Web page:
The keynote presentation at Google I/O, the company's annual developer conference, lasted over three hours and focused mainly on what Google SVP Sundar Pichai described as the company's "two open platforms:" Android and Chrome.
But Google has a third platform, the Google Cloud Platform, which also received some attention in the form of new features and capabilities. And this third platform may have more potential to bring Google recurring enterprise revenue than Web productivity applications like Google Apps.
Certainly, Amazon.com has realized revenue from cloud services. The company's Amazon Web Services division is estimated to have brought in over $2 billion in revenue last year.
As anticipated, Google opened Compute Engine (GCE), its on-demand cloud computing infrastructure service, to the public. Launched last year as an invitation-only service, GCE was made available last month to Google Cloud Platform customers paying for the company's $400 per month Gold Support package.
[ For more news and announcements from Google I/O, see Google I/O Day 1: Music, Maps, Search, Social. ]
To provide more flexibility for customers, Google also introduced sub-hour billing. GCE customers can now run brief computing jobs without being forced to pay for a full hour, which is the minimum billing increment on some other services. GCE bills by the minute, with a 10-minute minimum.
In addition, Google added support for shared-core instances, for routing features that make it easier to connect on-premises servers with Google's infrastructure and for persistent disks that support up to 10 TB per volume.
Google has also completed the ISO 27001:2005 international security certification for Compute Engine, Google App Engine, and Google Cloud Storage. Such certifications may serve to give enterprises the confidence to shift more of their computing work into the cloud.
"Our enterprise sales force is certainly in a lot of conversations with a lot of enterprises about the overall cloud platform," said Greg DeMichillie, director of product management for Google's Cloud Platform, in a press briefing on Wednesday. "I think we're at the beginning of that process, largely because if you look at enterprises in general, the enterprises that are out there actively working on the cloud are pretty small [in terms of quantity rather than size]. It's the classic bell curve. It's really only the leading edge companies that are seriously looking at it. ...We think that over the next 12 months we will see a pretty big upswing."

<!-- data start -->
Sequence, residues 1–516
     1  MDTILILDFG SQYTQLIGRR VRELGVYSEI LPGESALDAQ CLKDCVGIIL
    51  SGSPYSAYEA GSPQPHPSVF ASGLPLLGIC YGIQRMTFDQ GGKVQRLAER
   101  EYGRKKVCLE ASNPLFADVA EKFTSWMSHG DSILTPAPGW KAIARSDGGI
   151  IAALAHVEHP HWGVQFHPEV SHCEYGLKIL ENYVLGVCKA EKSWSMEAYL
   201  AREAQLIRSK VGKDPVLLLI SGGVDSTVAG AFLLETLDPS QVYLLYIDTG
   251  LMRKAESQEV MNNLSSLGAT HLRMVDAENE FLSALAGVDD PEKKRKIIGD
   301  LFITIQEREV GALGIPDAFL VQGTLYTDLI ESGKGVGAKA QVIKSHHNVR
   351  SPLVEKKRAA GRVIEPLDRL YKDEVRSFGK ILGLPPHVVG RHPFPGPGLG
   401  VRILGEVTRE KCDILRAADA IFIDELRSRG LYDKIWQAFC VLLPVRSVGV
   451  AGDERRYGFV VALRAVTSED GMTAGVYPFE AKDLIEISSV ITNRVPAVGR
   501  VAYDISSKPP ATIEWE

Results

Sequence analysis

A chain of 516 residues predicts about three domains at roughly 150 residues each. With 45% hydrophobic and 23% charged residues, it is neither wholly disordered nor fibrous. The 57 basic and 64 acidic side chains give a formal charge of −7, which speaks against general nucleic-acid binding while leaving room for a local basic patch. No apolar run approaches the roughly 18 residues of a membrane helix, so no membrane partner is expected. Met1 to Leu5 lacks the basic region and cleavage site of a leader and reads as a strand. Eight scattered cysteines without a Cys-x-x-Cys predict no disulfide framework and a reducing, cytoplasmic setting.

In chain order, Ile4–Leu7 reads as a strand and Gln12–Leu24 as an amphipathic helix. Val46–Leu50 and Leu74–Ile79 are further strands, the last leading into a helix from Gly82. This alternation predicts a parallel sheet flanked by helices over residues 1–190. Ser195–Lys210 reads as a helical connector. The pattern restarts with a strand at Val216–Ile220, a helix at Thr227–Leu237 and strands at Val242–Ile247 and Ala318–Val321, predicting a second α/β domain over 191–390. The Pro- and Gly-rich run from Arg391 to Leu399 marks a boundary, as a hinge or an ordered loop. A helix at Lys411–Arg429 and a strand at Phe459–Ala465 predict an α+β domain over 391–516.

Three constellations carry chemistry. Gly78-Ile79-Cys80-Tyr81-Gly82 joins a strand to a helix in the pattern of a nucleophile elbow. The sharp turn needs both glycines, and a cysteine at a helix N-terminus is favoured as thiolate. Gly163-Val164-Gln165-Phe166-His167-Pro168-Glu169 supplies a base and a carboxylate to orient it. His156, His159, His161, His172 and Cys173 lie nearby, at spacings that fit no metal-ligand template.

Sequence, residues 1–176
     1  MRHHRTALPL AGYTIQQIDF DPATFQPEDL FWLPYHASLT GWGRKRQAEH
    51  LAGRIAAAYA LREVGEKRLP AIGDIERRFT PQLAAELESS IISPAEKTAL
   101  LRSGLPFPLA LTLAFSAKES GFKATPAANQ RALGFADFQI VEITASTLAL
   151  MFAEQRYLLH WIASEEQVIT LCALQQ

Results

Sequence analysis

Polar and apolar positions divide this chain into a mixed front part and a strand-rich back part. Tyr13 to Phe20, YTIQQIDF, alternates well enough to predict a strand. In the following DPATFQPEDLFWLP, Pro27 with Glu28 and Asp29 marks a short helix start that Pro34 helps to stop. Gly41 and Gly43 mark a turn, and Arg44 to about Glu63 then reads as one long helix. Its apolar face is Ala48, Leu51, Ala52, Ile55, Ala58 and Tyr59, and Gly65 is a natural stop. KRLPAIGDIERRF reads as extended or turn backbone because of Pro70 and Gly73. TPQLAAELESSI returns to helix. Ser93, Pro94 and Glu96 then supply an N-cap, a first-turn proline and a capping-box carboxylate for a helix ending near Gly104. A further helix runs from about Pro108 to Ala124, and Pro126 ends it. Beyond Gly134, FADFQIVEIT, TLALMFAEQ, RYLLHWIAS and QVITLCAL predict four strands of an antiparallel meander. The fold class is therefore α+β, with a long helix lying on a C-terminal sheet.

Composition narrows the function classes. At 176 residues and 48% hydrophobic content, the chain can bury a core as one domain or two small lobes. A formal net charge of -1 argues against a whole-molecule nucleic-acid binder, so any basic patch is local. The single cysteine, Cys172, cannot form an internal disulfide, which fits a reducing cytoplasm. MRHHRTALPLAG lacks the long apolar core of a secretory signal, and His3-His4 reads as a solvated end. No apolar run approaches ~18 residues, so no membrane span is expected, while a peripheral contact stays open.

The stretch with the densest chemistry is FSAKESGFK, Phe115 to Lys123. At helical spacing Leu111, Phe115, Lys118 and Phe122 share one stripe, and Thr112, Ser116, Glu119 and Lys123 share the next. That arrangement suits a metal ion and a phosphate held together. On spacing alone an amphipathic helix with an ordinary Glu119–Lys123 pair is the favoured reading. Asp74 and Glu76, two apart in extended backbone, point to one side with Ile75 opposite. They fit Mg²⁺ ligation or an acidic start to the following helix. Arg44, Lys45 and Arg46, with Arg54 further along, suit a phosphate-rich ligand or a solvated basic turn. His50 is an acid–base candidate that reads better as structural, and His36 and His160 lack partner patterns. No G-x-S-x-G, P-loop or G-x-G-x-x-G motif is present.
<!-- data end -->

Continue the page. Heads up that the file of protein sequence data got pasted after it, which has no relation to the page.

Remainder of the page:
Google App Engine, the company's platform-as-a-service offering, was updated to version 1.8.0 last week. And this week Google confirmed what others had previously observed: that App Engine had been updated to support the PHP programming language. PHP continues to be extremely popular for Web applications and its presence on App Engine should help bring more business customers to the Google Cloud Platform. With PHP and Google Cloud SQL, App Engine could become a low-cost option for hosting small WordPress websites.
Google also introduced Google Cloud Datastore, a managed NoSQL database derived from the High Replication Datastore Google uses for App Engine. Developers can utilize Cloud Datastore even if their apps are not running on GCE or App Engine, making the service comparable in concept to Amazon S3.
DeMichillie, however, says that Google isn't looking to compete with Amazon on price. "We intend to be a premier offering in terms of performance and abilities, but not in terms of price," he said, adding, "I don't think we need to peg our prices to others. The reality is we just price it effectively, and the result is we are as cheap [as] or cheaper than others."